February 6, 2019
Dear members of the MIT community,
Yesterday, our Bias Response Team (BRT) was alerted to a drawing of what appeared to be a swastika with the message “Buddhist Swastik History is Knowledge” written underneath it. It had been drawn on a column poster in Lobby 7 that is part of an art installation students organized in recognition of Black History Month. We do not know who is responsible for this act, nor can we say with any certainty what their intent might have been.
While the symbol has positive origins in the Buddhist, Hindu, and Jain faith traditions, in a modern Western context, other versions of this symbol have been used to convey a message of hate, racism, and anti-Semitism. The individuals who alerted us to the drawing and then removed it were shaken. The image would be distressing anywhere on our campus. But the fact that it was drawn on a Black History Month display designed to encourage community discussion about issues affecting the black community and celebrate black student activism at MIT makes it that much worse.
We don’t know the motivation of whoever is responsible for the drawing. At best, the act demonstrated a lack of understanding about the pain it would cause to members of our community. At worst, it may have been intended deliberately to cause that pain.
Regardless of the intent, this incident prompts us, on behalf of President Reif and MIT’s senior leadership, to passionately reaffirm the core values our community stands for: empathy, compassion, inclusiveness, and respect for all. MIT’s embrace of diversity of backgrounds and ideas is fundamental to our strength as a community. Racism, hate, divisiveness, and bullying have no place at MIT.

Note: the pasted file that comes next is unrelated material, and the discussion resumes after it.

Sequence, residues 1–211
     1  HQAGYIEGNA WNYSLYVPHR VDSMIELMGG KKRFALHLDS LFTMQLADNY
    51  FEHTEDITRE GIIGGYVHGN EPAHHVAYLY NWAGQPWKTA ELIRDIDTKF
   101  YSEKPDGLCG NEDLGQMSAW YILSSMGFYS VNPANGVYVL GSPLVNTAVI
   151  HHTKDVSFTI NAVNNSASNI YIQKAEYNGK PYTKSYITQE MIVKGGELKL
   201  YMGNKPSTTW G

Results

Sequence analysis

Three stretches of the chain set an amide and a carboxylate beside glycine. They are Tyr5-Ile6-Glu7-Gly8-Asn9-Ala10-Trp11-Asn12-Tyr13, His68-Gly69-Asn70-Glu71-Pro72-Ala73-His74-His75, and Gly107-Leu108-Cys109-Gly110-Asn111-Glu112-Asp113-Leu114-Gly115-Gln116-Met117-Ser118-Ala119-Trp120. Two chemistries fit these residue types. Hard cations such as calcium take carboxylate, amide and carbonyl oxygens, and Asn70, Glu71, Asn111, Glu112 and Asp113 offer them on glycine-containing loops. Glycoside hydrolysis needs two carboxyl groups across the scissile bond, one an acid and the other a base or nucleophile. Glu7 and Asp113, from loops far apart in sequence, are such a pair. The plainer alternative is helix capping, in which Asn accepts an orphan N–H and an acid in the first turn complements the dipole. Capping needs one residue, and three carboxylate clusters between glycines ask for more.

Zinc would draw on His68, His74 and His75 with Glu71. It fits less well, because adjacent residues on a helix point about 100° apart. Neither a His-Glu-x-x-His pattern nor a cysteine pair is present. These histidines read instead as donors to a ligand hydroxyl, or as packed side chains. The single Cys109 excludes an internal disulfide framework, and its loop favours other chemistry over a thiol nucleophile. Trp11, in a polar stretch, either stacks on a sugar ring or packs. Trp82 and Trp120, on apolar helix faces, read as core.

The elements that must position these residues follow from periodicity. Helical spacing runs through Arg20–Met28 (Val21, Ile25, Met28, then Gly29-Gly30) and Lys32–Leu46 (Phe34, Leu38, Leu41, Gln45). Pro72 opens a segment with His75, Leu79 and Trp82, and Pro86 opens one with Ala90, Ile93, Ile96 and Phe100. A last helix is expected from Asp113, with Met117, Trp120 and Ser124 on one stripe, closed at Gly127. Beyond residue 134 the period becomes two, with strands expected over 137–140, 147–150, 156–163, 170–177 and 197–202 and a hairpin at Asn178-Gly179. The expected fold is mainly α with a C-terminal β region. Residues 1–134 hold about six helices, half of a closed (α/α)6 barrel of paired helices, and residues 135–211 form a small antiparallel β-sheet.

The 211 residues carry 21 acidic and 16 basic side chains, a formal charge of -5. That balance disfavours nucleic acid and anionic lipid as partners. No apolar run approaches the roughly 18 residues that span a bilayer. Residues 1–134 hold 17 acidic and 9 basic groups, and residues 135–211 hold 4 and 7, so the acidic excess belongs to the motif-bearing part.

We hope that we can take this moment to come together to reflect and to support one another, to learn and to grow. At the end of this message, you will find more information about where you can turn if you want to talk one-on-one or in a larger group. We hope you will consider taking advantage of these resources if you need to.
Interim Institute Community and Equity Officer
Vice President and Dean for Student Life
- Student Mental Health and Counseling works with students to identify, understand, and solve problems, and to help transform that understanding into positive action.
- Student Support Services (S3) is a friendly and easily accessible hub of support for undergraduates.
- The Office of Graduate Education offers advice and counsel on personal and academic matters.
- The Office of Minority Education offers academic and personal advising for undergraduates.
- Chaplains in the Office of Religious, Spiritual, and Ethical Life are available for confidential counseling, support, and guidance.
- SPXCE Intercultural Center, a collaboration of the Office of Multicultural Programs and LBGTQ@MIT, is a place where students can feel at home and be supported in their wholeness.
- The Institute Community and Equity Office’s mission is to advance a respectful and caring community that embraces diversity and empowers everyone to learn and do their best at MIT.
- DSL Deans’ Office Hours take place on Fridays from 11:30 am to 12:30 pm in 4-110, with snacks, a therapy dog, and deans who are ready to talk about student concerns.
- Title IX and Bias Response offers resources and reporting options for bias incidents related to race, religion, sexual orientation, disability, or other identities.
- To reach the Dean on Call, call MIT Police (617-253-1212) then ask to speak to the Dean on Call. (Available Monday through Friday, 5 pm–9 am, and on Saturdays, Sundays, and all MIT-observed holidays.)
- MyLifeServices is a 24-hour network of support for MIT faculty, staff, postdocs, and families.